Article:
Kanata developer Bill Teron dead at age 85

Kanata developer Bill Teron dead at age 85

Ottawa developer Bill Teron, who played a major role in shaping the community of Kanata, has died at age 85.

Teron had been receiving care at the Queensway Carleton Hospital in recent weeks and died Monday. 

Known as "the father of Kanata," Teron was born in Manitoba and made a name for himself as an award-winning urban planner, philanthropist and Order of Canada recipient.

He moved to Ottawa in 1951 at the age of 18. 

Locally, he is known for building the Talisman Hotel and several communities including Kanata's residential Beaverbrook community, McKellar Park, Lynwood Village and Qualicum-Graham Park.

"In 1970 his decision to turn over derelict industrial lands in Toronto to the federal government at cost in return for a commitment to create a public park inspired the 1972 announcement of Harbourfront by [former] prime minister Pierre Trudeau — a decision that had a major impact on the city," reads an online obituary posted Tuesday.

'He was a real visionary'

Kanata North Coun. Marianne Wilkinson was among those grieving his loss Tuesday, and said Teron was an inspiration to her as a city leader.

"Bill's concepts are what changed my entire life," she said in an interview.

"He took his visions — and he was a real visionary — but he took them in practice. So often visionaries just have the ideas; they don't actually make them work. And he was dedicated, absolutely, to doing that. And he was like a bull in a china shop if you disagreed with him. He really saw the merit of it. So you had to work through it to make sure we could make it happen."

She praised his focus on community in his designs, and on giving each neighbourhood a distinct core character.

"The concept is so good that 50 years later, people moving in grasp [that idea]. And that's not something you always see in communities," Wilkinson said.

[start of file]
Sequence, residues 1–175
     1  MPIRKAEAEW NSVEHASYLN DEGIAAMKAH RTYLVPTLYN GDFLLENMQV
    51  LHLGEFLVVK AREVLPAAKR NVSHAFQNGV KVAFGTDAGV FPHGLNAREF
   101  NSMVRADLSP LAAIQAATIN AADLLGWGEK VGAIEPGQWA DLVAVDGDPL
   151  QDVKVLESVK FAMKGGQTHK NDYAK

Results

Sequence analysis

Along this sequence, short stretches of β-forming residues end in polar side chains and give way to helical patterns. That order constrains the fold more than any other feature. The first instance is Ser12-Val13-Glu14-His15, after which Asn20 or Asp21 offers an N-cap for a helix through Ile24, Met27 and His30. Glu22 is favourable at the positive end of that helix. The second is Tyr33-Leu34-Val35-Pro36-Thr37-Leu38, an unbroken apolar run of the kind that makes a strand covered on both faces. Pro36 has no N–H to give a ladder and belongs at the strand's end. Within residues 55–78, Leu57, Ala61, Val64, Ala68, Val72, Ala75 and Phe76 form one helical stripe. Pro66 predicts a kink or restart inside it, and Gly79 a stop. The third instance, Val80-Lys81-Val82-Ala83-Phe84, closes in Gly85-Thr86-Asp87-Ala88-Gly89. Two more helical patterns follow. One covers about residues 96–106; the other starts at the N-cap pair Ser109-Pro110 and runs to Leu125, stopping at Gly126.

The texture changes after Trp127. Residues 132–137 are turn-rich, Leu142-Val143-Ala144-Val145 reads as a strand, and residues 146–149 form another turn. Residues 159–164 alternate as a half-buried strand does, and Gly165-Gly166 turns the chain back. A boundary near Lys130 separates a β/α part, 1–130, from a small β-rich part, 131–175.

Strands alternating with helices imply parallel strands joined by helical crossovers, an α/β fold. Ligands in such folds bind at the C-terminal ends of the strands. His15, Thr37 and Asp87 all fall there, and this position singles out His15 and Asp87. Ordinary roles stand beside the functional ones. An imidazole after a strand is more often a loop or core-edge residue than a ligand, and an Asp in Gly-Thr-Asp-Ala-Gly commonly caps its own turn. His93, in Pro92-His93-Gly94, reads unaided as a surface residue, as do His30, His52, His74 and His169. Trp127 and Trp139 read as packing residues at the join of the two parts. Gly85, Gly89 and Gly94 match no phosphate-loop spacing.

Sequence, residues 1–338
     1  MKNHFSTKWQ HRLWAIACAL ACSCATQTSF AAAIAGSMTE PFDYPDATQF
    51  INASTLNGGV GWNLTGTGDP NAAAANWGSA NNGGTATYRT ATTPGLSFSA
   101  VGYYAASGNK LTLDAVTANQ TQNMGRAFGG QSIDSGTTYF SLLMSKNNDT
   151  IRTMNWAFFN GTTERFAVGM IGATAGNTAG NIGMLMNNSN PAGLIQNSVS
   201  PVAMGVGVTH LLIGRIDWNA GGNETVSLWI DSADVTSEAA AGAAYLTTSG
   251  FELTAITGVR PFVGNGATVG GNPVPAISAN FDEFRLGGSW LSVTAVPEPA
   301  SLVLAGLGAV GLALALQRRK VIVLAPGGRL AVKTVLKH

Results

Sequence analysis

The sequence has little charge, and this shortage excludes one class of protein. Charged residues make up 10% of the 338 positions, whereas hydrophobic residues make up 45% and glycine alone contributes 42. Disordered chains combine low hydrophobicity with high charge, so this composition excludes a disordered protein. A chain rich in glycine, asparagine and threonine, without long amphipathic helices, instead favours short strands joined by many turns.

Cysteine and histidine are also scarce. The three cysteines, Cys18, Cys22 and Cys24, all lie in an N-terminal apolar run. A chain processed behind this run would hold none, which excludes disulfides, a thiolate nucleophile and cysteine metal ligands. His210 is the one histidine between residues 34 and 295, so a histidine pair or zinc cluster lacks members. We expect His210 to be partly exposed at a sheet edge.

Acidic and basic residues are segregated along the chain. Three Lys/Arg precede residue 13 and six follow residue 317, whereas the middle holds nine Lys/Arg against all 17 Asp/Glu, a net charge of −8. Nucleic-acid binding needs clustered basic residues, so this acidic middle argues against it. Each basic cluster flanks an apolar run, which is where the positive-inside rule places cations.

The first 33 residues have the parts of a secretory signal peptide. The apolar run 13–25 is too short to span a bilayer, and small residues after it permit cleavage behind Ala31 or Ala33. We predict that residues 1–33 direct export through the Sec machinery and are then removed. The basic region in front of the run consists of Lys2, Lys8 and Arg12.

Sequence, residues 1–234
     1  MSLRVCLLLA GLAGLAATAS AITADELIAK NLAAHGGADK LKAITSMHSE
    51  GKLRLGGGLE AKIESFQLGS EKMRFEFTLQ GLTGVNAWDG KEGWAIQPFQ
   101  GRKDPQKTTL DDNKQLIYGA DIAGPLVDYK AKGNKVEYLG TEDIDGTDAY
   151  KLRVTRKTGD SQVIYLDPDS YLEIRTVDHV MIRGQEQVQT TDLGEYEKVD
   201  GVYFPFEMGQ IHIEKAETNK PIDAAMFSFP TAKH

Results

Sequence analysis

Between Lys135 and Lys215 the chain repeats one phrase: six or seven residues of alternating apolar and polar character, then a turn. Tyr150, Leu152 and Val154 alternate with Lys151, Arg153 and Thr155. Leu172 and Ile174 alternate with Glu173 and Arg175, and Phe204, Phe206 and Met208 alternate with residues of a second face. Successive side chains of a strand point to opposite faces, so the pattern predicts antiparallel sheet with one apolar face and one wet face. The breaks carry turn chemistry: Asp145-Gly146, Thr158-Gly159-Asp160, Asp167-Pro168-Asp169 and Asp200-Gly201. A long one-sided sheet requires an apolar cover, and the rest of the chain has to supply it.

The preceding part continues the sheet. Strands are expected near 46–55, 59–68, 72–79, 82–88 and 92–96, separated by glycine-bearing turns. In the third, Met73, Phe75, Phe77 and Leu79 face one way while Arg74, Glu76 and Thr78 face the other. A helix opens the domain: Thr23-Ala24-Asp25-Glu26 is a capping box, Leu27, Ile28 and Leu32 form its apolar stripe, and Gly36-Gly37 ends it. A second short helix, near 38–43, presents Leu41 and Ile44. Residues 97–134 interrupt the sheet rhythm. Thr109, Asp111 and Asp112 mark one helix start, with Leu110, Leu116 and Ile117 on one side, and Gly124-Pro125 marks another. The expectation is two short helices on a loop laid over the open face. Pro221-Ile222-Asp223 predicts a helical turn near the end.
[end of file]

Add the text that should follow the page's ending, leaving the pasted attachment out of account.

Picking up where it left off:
'No longer suffering'

"I'm glad he's no longer suffering. He did live a long life and a very, very full life. He achieved so much. If we could achieve just five per cent of what he did then I think we can be successful people."

The councillor has already reached out to Teron's widow about organizing a community event in the months to come to honour his legacy. 

Mayor Jim Watson said Tuesday that Teron would occasionally call his office to offer advice on city issues.

"It's a great loss to the community and that legacy will last on as [a] good planning example, setting the gold standard," Watson said. 

Ties to former PM Trudeau

In 1973, then prime minister Pierre Trudeau asked Teron to serve as president of the Central Mortgage and Housing Corporation, and later became the corporation's chairman. He also served as secretary deputy minister in the Ministry of State for Urban Affairs.

"At CMHC, he was especially proud of the assisted home ownership program, assisted rental program, rural and native housing, programs for non-profit and co-op housing, and the inner-city redevelopments in Montreal, Quebec City, Granville Island in Vancouver, and Marketplace in Saint John," reads the obituary.

The acclaimed developer and designer earned a host of awards over his lifetime, including a Queen Elizabeth II Diamond Jubilee Medal and a Doctor of Laws honoris causa from Carleton University. He was also a founding trustee of the National Arts Centre in Ottawa.

Teron is survived by his wife, Jean, his four children, his sister, and seven grandchildren. 

The family is holding a private memorial and interment for Teron at Pinecrest Cemetery and are asking those who wish to honour his memory to make a donation to the Queensway Carleton Hospital Foundation.